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Fashion talks

In Conversation with Linn Christofferson, CEO of FWSS

Oslo Runway Fashion Talks with by Skavlan

FWSS's ideal lies in the brand's name; Fall, Winter, Spring and Summer. Clothing inspired by and adapted to the Norwegian seasons. No, I’m not talking about big parkas to keep you warm in the Nordic winter, or shell jackets to protect from the cold mountain wind. FWSS are about the beauty and rawness of our dynamic and sometimes unpredictable seasons, and clothing that can be worn and loved season after season. But as a brand they have proven to be just as durable as the most advanced mountain gear. I spoke to CEO Linn Christoffersen about the brand's success and the responsibility that comes with it.

I would confidently call you a veteran in modern Norwegian fashion, with FWSS soon closing in on a ten-year anniversary. Have you seen any major change in our local industry in the past years?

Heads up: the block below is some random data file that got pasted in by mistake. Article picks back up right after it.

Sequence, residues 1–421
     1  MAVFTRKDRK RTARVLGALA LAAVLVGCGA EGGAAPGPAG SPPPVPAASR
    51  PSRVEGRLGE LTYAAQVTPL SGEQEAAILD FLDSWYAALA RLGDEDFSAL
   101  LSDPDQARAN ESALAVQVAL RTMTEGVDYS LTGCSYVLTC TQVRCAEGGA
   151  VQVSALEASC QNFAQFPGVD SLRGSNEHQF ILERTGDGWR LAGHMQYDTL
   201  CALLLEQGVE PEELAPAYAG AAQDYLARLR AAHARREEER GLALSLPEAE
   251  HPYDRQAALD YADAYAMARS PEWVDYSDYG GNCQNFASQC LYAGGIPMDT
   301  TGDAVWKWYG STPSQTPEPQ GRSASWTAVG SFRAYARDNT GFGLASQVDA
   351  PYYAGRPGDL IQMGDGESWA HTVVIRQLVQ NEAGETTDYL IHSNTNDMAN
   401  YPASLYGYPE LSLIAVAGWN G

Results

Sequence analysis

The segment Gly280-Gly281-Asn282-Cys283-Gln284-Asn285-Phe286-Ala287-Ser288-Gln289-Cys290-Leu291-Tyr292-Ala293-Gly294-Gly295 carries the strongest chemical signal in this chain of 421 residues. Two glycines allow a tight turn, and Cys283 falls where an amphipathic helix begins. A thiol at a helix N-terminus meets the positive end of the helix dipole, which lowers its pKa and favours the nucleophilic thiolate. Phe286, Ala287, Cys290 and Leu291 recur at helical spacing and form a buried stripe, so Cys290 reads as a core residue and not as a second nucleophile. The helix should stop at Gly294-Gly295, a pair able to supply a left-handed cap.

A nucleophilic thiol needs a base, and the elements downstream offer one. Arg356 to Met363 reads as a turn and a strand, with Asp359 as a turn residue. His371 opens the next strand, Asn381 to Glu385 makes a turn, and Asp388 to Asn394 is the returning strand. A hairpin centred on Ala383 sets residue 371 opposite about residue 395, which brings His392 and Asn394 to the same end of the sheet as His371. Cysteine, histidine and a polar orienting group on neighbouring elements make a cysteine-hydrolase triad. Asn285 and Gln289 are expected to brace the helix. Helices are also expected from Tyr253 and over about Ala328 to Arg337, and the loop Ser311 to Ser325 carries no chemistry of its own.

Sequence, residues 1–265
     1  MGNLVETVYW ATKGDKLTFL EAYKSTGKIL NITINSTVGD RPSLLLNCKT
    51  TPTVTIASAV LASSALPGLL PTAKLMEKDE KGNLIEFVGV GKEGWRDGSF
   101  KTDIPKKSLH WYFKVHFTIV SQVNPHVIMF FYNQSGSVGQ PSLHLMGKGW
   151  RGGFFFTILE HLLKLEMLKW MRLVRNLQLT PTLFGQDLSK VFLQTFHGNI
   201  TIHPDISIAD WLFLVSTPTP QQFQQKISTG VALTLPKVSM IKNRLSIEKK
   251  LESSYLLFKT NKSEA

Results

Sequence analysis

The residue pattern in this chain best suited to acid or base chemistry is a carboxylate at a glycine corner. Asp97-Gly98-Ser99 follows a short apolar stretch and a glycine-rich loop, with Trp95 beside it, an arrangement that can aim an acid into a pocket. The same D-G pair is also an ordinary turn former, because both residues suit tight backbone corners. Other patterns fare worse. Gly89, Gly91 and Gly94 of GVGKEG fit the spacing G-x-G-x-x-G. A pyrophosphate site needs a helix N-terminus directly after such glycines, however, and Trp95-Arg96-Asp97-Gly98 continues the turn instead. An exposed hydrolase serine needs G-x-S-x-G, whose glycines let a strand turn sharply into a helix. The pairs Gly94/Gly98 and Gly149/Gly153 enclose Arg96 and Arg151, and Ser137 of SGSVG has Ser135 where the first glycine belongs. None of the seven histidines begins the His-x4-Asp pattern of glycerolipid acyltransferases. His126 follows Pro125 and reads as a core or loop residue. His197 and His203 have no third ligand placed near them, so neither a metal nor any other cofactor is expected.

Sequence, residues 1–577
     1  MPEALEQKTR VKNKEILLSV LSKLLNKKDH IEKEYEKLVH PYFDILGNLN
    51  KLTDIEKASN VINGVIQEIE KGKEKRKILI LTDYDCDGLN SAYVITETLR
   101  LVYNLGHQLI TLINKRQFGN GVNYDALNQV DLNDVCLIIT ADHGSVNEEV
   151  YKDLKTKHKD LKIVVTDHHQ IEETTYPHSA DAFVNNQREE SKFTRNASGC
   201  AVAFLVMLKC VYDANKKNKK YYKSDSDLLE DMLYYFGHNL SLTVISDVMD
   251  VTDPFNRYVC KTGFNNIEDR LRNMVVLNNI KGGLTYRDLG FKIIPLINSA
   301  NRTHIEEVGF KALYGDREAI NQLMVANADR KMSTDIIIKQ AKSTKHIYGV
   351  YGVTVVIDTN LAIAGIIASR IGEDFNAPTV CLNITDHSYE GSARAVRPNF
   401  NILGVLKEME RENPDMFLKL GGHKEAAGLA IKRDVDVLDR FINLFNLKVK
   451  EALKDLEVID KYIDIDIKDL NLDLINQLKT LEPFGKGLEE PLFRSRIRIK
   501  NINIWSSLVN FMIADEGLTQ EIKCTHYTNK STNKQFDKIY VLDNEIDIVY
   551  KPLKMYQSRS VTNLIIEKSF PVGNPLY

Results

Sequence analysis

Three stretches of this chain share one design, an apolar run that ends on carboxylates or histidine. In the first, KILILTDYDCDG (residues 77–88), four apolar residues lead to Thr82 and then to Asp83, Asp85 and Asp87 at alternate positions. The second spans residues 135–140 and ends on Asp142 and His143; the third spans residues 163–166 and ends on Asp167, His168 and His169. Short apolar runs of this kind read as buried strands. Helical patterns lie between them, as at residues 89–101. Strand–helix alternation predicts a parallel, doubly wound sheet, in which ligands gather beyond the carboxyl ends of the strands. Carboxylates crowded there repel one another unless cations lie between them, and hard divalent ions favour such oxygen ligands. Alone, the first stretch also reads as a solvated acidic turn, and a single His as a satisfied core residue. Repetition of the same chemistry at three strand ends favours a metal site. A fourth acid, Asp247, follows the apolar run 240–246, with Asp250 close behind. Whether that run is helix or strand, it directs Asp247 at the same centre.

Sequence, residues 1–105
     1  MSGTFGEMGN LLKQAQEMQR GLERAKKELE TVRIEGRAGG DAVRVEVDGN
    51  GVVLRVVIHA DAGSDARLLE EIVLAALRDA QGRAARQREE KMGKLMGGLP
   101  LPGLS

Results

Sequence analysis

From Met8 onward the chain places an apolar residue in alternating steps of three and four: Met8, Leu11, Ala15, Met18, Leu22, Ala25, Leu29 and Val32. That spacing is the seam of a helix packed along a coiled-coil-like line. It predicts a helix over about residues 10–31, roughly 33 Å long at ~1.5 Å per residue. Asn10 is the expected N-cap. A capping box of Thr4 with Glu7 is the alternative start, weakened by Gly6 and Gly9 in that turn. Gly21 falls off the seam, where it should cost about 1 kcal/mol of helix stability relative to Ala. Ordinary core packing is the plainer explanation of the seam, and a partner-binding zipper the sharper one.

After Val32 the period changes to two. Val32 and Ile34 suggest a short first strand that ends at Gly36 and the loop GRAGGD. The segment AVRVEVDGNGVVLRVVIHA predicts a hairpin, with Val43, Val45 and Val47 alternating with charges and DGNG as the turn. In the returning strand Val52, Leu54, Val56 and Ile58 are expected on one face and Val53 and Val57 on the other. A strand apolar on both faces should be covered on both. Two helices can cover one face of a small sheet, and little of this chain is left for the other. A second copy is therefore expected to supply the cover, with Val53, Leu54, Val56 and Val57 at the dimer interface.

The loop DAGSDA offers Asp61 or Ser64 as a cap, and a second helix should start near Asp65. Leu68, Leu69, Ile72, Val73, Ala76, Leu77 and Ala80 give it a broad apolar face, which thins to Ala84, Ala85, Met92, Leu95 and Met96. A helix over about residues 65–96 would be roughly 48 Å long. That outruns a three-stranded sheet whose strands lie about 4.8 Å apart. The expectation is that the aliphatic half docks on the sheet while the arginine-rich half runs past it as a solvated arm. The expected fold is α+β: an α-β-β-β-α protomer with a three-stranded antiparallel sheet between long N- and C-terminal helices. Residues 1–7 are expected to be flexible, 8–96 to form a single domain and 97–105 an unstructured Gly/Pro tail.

Compared to when we started, there is now a very prominent scene of brands who are making great products, and market them well. When FWSS combined design and production experience, with sales and distribution power, I believe we paved the way for a new way of thinking. Brands have now been able to establish themselves outside Norway and the Nordics, and for niche brands, that is quite essential. These combined forces are about to grow into an industry, which is gratifying.

If you boil your brand philosophy down to one sentence, what would it be?

FWSS is about awareness of what you wear and a sense that our garments will stay with you for a long time.

Is FWSS at the point where you thought it would be in 2020?

We have had our share of challenges, and we are definitely not where we thought we could be, four-five years back. At the same time, we are on a healthy path to where we want to be in the future. 2020 is a step forward but at the same time the most challenging year for our generation. We have never worked as hard.